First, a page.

As stated on the Gold Foundation’s Tell Me More history page, this project was originally designed in 2014 by GHHS chapter members at the Icahn School of Medicine at Mt. Sinai. Concerned that patients in medical systems are often depersonalized, medical students set forth to learn about their patients and share some of that knowledge with other care providers.
After obtaining consent, GHHS members spent time learning about patients’ personal lives in order to craft signs for display over their patients’ beds. The three questions they asked were:
- What are your strengths?
- How would your friends describe you?
- What has been most meaningful to you?
Patients lit up when asked about their personal lives. Students were awed by the depth and resiliency of the patients they interviewed. Everyone who entered the room – from residents, attendings, and nurses to food service, other support staff and visitors – were able to see those signs and remember that each patient is a unique individual.
An Enhancement to Visual Management
It struck me that the sign over the patient’s bed provides a great reflection to the white board that is now common at the other end of the patient’s room. The white board communicates key technical information – including identifying the patient, the nurse and doctor for the day, procedures that are planned, allergies, and expected day of discharge. This information is important for the patient and their family members.
The Tell Me More display, posted across the room above the patient’s headboard, shares information that is important for the clinicians:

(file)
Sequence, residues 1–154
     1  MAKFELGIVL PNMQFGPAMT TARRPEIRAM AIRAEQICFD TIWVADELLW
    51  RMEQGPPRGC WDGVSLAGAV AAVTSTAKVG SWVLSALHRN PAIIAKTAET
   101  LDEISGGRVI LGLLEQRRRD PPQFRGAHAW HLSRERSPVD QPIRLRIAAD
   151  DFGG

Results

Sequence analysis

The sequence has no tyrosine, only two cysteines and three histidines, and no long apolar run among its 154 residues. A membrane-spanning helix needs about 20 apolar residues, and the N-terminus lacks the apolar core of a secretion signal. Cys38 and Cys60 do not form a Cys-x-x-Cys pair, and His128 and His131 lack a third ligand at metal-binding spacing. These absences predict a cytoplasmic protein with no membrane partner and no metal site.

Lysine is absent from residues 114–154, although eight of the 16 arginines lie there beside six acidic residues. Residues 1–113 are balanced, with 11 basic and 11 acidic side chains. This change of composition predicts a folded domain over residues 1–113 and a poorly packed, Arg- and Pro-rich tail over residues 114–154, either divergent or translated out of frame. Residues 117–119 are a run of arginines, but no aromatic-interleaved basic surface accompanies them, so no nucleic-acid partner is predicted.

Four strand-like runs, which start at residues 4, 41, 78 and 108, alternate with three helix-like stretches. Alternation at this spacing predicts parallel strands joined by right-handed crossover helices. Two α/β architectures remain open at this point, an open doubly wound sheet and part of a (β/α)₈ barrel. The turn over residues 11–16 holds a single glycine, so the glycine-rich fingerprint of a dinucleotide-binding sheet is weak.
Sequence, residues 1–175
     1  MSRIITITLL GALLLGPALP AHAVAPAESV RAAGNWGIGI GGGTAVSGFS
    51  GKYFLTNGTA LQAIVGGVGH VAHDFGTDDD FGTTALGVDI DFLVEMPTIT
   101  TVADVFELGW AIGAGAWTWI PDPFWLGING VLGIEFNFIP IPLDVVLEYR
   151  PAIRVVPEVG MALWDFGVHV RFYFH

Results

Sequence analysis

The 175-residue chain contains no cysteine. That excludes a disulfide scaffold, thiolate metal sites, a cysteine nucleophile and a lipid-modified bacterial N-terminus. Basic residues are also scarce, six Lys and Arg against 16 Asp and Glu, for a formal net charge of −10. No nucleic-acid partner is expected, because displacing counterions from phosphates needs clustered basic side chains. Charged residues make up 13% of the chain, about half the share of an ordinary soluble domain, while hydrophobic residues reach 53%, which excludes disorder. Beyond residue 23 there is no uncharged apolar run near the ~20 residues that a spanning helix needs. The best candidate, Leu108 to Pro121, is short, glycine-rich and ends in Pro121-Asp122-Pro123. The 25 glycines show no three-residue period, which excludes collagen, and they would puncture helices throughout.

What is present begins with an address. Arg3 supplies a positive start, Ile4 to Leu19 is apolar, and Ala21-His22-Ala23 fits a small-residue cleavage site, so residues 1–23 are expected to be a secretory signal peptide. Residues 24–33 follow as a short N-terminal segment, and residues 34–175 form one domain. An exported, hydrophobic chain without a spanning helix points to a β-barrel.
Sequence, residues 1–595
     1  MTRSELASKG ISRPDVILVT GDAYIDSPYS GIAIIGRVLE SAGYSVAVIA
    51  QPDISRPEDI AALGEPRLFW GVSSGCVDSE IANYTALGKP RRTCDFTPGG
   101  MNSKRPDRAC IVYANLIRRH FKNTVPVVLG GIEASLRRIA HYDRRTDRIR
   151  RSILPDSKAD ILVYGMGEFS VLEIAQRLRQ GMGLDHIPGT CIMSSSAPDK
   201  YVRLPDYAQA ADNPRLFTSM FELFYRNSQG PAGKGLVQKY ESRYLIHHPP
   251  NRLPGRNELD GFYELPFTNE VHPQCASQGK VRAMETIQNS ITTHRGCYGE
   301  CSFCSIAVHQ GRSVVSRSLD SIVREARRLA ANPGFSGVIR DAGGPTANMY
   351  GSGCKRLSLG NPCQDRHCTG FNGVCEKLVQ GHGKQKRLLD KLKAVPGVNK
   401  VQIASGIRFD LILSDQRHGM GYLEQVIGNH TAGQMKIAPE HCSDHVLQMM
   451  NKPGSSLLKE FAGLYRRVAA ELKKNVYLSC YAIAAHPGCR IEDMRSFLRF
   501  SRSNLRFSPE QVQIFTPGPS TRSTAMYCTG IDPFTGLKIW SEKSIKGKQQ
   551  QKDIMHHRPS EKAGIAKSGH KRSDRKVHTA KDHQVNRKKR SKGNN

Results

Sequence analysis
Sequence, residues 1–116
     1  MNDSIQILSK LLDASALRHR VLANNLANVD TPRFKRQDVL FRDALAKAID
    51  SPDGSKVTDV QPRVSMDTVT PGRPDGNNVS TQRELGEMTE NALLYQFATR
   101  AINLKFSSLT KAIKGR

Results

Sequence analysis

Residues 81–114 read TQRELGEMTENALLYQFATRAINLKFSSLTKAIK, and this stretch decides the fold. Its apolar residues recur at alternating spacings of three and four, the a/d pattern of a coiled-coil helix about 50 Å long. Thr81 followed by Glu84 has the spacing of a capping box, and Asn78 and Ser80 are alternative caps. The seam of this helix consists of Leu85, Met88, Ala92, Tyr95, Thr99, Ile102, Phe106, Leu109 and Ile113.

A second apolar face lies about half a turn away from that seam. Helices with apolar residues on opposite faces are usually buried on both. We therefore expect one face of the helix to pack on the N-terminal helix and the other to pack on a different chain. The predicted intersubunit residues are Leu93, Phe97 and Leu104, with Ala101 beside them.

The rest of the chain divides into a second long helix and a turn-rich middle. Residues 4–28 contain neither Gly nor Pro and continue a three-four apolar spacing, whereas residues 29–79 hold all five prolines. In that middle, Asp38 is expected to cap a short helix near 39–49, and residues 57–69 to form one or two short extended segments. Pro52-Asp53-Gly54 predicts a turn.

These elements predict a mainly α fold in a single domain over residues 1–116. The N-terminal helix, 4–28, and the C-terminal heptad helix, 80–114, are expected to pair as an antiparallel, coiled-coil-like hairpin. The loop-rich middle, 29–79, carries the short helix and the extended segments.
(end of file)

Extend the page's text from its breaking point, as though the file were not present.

- It helps clinicians engage in a much more humanistic healing interaction with the patient.
- It helps clinicians quickly know what makes this patient unique as a person.
- It opens doors by sharing mutual interests, experiences, and values.
The Quadruple Aim – Purpose Protecting Us from Burnout
I now work as a coach and consultant, supporting healthcare leaders and clinicians who are working to improve the care they deliver, across all dimensions of the Quadruple Aim. My good friend, colleague, and mentor Dr. Gene Lindsey describes the Quadruple Aim this way
…Care better than we’ve seen, health better than we’ve ever known, cost we can afford,…for every person, every time,…in settings that support caregiver wellness…
As an advocate of Lean management, I like the way that “Tell Me More” adds a robust and creative new dimension to the Lean approach to visual management. It gets beyond the left brain focus that most of our visual management boards are appropriately focused on – data, graphs, and charts that track our performance and guide improvement work. It fires up the neurons of the right brain, and draws us into humanistic relationships quickly and deeply. It reconnects us to our purpose, protecting us from burnout.
And we are all better off for it.
What do you think?
Have you had a personal experience with the “Tell Me More” campaign?
Are you ready to give it a try?
I invite you to contribute you thoughts in the comments below – your questions or insights can help others as we all work to strengthen humanism in medicine.